slocate – Security Enhanced version of the GNU Locate
slocate [-qi] [-d] [–database= ]
slocate [-i] [-r ] [–regexp=]
slocate [-qv] [-o ] [–output=] slocate [-e] [-f ] <[-l ] [-c] <[-U ]
slocate [-Vh] [–version] [–help]DESCRIPTION
Secure Locate provides a secure way to index and quickly search for all files on your system regardless of ownership. It uses incremental
encoding just like GNU locate to compress its database to make searching faster, but it will also check file permissions and ownership
before displaying matched entries so that users will not see files they
do not have access to. Note that permissions and ownership are not
stored in the database.
This manual page documents slocate. slocate Enables system users to search entire filesystems without displaying unauthorized files.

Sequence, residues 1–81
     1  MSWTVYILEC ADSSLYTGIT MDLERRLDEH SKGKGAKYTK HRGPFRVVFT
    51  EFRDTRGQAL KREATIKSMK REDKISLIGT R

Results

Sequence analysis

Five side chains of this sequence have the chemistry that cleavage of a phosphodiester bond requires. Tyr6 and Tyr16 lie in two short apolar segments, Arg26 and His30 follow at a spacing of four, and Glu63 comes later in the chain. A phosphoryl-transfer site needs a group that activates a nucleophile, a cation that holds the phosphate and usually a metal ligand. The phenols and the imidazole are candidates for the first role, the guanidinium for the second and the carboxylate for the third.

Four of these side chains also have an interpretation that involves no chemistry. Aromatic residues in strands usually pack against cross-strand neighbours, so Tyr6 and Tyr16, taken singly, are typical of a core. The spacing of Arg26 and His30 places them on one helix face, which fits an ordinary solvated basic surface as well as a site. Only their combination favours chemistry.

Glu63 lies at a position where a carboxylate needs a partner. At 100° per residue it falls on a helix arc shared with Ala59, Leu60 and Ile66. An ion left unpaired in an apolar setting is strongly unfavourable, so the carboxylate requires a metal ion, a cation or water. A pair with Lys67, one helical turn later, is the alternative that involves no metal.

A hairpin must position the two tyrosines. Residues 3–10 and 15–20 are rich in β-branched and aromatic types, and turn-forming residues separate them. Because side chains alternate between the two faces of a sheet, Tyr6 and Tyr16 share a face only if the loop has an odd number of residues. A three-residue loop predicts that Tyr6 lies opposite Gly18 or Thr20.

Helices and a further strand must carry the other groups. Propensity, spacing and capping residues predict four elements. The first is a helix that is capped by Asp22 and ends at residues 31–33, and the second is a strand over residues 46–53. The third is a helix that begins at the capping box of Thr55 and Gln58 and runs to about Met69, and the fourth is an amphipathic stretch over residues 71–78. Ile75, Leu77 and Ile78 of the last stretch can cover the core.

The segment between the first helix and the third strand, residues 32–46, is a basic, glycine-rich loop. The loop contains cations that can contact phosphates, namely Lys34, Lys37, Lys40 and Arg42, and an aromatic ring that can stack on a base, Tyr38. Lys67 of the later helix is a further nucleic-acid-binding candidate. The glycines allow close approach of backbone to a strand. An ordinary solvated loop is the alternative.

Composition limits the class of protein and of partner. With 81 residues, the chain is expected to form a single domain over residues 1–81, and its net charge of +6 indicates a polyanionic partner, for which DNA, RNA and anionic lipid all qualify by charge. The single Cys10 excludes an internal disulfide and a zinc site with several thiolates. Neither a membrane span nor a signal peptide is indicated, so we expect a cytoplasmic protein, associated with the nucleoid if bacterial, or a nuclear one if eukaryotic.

-u Create slocate database starting at path /.
Create slocate database starting at path
Exclude directories from the slocate database.-f
Exclude files on specific file systems from the slocate
database.-c Parse /etc/updatedb.conf when updating the slocate database.
(see CONFIGURATION FILE below).
Security level. 0 turns security checks off. This will make
searchs faster. 1 turns security checks on. This is the
-i Does a case insensitive search.
-q Quiet mode. Error messages are suppressed.
Limit the amount of results shown to .
–regexp= Search the database using a basic POSIX regu
–output= Specfies the database to create.
–database= Specfies the path of databases to search in.-h –help Display this help.
-v –verbose Verbose mode. Display files when creating database.
-V –version Display version.
Colon-separated list of databases to search.
Secure Locate will parse GNU Locates /etc/updatedb.conf when the argu
ment is provided. But please be aware that Secure Locate currently does
NOT support all options provided by GNU Locates configuration file.
Options currently supported by Secure Locate are PRUNEFS and PRUNEPATHS
Secure Locate v3.0 beta
Kevin Lindsay – Copyright (c) 1999, 2000, 2001, 2002, 2003, 2004, 2005,
Report bugs to email@example.com
January 6, 2006 SLOCATE(1)